A line of credit can be very handy for people with income or expenses that vary significantly from month to month or have seasonal income fluctuations.
The amount owing on it can go up and down according to what you draw out and pay in. You can even go for a period of time without making any payments on it as long as you stay within its total capacity.
Interest is only charged on the amount owing.
A line of credit can be very handy for people with income or expenses that vary significantly from month to month or have seasonal income fluctuations. Instead of letting the balance of your credit card go sky high with a run of high expenses and “pay through the nose”, you can utilise the line of credit facility and just pay normal home loan rates.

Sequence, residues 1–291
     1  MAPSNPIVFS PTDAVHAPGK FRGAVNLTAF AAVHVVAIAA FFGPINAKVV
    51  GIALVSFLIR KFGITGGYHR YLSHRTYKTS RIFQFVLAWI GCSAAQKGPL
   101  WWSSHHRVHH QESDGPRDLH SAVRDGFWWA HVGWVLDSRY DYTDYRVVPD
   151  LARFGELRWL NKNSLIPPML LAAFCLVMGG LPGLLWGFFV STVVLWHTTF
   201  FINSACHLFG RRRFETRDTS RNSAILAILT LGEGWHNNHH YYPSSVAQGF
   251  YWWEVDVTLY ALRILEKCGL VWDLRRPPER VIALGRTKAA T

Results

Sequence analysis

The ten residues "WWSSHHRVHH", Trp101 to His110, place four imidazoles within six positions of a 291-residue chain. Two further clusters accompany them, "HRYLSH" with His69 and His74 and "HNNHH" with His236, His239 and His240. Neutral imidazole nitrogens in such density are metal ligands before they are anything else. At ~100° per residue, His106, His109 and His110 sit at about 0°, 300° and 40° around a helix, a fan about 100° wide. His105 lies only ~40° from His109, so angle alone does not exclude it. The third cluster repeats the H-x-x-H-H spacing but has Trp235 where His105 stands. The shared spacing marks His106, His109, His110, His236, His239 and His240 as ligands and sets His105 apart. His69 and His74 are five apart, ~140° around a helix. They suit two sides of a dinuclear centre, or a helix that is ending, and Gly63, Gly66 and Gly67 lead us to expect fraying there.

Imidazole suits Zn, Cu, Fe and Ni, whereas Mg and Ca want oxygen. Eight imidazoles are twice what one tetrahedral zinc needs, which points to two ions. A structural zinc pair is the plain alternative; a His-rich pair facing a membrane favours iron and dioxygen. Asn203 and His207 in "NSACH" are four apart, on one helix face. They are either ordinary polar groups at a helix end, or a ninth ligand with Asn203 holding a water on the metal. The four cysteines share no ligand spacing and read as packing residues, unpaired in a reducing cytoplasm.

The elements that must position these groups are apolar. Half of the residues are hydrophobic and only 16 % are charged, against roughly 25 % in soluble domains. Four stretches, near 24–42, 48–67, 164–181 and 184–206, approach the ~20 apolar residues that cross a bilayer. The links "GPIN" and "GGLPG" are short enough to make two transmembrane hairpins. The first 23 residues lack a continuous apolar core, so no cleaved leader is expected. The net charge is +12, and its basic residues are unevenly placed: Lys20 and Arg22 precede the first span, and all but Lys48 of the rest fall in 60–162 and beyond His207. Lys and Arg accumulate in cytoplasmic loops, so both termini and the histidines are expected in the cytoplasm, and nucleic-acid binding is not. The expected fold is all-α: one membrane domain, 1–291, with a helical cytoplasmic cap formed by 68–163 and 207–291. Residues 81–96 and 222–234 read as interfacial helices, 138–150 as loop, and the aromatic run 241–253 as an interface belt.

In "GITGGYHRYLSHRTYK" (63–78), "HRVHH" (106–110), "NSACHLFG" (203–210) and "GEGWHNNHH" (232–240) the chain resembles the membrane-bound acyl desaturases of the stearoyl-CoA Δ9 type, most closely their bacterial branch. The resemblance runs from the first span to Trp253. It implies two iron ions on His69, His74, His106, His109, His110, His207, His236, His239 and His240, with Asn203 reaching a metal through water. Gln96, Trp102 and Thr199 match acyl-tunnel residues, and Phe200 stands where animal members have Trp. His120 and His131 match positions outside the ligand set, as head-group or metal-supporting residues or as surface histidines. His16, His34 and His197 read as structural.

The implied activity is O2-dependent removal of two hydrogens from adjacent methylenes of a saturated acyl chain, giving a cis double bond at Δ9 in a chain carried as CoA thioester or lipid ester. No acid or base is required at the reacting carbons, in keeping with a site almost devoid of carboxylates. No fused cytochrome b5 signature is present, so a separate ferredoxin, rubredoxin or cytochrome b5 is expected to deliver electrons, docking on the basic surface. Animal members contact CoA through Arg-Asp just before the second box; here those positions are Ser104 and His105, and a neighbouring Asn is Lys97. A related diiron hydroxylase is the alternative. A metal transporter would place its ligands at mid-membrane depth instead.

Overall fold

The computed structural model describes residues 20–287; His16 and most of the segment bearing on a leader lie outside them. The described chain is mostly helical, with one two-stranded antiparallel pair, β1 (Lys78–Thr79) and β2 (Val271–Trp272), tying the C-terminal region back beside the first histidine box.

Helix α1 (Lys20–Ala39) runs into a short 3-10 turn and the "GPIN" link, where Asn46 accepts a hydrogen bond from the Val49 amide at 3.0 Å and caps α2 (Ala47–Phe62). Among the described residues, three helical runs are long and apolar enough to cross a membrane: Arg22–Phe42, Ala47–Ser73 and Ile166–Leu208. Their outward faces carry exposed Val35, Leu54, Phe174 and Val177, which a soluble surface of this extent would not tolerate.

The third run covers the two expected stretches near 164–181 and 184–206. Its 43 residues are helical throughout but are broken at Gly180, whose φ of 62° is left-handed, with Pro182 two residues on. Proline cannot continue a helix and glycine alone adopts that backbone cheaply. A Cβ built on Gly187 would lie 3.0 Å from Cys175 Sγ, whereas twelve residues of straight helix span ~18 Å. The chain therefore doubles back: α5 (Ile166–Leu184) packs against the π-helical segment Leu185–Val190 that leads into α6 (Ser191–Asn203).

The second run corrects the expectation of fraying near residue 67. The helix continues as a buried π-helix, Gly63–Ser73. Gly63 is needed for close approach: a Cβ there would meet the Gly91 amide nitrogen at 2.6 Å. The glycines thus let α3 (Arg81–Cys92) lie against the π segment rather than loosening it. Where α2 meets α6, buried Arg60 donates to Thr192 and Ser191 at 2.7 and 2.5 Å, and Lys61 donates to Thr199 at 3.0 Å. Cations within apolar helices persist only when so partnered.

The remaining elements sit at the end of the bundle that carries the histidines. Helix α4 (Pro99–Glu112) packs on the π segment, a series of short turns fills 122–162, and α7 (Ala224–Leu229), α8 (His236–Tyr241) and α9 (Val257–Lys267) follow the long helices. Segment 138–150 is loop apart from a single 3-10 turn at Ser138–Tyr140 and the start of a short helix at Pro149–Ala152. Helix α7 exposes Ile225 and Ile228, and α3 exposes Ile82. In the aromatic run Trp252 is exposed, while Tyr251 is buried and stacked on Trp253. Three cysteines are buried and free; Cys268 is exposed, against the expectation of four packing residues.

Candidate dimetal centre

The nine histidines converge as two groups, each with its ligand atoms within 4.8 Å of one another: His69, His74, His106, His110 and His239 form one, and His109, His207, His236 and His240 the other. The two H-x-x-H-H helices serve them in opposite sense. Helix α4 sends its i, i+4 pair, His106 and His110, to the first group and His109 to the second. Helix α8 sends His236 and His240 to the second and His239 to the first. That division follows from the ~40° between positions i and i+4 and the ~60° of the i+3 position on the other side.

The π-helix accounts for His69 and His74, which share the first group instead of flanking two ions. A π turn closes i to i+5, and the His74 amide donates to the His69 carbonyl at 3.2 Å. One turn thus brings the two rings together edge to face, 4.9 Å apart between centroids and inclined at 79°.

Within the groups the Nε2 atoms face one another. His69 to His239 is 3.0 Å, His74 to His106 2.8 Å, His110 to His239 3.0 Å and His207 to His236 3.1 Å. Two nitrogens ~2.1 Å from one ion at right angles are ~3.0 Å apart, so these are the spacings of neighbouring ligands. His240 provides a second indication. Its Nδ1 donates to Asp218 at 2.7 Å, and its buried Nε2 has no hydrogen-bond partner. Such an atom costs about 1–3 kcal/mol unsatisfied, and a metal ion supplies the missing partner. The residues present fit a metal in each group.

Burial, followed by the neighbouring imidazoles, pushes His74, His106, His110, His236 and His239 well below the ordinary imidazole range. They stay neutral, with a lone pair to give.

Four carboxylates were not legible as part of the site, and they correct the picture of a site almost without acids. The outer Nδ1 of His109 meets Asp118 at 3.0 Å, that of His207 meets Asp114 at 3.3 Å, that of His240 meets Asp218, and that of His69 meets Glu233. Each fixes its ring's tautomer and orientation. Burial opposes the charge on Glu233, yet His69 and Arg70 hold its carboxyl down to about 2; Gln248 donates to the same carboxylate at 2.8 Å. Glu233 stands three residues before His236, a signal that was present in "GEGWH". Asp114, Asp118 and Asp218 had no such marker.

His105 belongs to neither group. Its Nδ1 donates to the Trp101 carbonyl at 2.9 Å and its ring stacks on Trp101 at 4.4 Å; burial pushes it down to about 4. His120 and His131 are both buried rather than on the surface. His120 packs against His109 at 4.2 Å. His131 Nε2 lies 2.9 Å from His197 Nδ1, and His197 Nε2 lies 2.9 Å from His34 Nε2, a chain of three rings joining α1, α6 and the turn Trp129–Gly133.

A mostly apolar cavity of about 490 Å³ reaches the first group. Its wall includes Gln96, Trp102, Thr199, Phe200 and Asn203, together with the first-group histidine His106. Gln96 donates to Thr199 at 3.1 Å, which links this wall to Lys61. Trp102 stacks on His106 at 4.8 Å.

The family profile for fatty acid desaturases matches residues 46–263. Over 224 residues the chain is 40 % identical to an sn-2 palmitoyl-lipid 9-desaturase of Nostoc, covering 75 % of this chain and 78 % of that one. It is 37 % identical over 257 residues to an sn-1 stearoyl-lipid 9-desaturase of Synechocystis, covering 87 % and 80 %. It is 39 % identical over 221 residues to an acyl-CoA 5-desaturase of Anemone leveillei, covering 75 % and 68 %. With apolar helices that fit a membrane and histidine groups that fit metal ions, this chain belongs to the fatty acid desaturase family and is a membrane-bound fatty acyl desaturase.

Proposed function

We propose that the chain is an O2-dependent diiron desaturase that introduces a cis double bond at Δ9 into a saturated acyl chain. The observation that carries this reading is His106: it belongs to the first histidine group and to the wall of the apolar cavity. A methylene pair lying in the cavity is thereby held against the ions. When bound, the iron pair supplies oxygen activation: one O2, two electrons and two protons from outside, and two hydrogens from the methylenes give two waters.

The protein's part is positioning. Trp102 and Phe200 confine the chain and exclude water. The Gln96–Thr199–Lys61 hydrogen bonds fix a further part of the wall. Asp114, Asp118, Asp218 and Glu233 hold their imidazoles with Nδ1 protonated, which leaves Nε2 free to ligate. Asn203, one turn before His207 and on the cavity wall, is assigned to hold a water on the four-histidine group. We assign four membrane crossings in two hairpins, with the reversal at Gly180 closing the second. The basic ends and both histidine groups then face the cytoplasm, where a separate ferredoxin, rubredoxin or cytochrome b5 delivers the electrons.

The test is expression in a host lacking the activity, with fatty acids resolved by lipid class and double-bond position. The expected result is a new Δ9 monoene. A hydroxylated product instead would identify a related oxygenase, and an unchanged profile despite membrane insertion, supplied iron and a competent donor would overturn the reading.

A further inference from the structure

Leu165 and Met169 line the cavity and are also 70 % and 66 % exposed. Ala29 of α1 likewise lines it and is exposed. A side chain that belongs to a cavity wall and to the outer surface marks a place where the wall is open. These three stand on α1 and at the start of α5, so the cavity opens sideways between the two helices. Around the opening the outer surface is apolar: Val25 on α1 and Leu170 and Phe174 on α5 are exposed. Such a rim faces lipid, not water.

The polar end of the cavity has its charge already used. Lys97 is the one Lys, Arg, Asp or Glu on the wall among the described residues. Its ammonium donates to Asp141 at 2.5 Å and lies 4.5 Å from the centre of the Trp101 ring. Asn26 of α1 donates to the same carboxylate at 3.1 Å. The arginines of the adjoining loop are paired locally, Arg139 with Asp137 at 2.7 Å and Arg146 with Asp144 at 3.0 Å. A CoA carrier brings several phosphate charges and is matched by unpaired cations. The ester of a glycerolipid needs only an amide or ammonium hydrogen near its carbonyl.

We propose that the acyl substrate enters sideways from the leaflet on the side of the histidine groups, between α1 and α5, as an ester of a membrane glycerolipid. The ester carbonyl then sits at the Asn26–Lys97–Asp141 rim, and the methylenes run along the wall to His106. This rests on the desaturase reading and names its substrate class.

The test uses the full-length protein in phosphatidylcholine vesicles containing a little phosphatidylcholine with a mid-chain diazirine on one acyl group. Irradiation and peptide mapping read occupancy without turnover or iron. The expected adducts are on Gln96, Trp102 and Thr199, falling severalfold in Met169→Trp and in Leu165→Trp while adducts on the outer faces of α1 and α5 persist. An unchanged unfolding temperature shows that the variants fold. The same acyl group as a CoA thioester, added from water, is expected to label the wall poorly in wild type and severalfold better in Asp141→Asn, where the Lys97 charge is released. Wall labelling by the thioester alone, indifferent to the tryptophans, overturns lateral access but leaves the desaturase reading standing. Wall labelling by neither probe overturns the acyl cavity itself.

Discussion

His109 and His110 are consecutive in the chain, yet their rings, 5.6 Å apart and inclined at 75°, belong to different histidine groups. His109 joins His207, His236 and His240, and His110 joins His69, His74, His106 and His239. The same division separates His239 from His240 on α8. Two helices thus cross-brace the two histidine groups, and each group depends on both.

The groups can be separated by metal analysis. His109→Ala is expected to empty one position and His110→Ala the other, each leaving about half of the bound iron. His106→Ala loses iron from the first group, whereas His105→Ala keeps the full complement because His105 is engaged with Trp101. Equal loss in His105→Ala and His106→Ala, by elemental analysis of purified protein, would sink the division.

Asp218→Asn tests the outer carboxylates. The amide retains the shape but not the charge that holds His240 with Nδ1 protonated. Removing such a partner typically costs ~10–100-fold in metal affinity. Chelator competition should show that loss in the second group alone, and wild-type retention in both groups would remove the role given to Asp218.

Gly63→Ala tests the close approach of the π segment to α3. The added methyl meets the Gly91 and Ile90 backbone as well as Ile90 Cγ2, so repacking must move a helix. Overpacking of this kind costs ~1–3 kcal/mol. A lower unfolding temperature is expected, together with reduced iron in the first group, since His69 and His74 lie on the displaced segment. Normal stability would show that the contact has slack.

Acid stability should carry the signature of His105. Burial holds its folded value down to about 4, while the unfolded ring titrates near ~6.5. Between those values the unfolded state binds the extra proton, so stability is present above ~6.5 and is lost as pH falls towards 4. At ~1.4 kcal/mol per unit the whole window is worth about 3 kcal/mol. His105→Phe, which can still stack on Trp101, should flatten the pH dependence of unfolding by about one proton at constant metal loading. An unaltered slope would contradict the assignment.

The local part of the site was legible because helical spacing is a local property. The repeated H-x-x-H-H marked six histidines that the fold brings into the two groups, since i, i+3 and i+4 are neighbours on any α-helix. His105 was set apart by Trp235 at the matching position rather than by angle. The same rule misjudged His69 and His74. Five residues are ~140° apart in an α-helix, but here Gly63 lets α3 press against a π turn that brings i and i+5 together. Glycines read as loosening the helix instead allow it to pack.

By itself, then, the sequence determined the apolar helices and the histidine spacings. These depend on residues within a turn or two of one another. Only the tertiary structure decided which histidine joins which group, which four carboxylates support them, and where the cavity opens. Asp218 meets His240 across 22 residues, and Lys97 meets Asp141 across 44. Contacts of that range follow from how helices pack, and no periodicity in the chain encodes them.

A line of credit can also be handy for investment purposes to be able to quickly access equity from a property and put it to use for investment purposes. However, the tax office has recently cautioned people about capitalising interest in a line of credit and trying to claim the extra tax deduction from it. That’s where people use a line of credit to purchase an investment, but don’t pay the interest on it. The line of credit allows the amount owing to creep up each month, and that makes the interest go up each month. The tax office has alerted people that they are not happy with that arrangement. The interest should be paid if it’s for investment purposes. Naturally you should seek professional tax advice that takes into account your own personal circumstances before adopting any tax management strategy.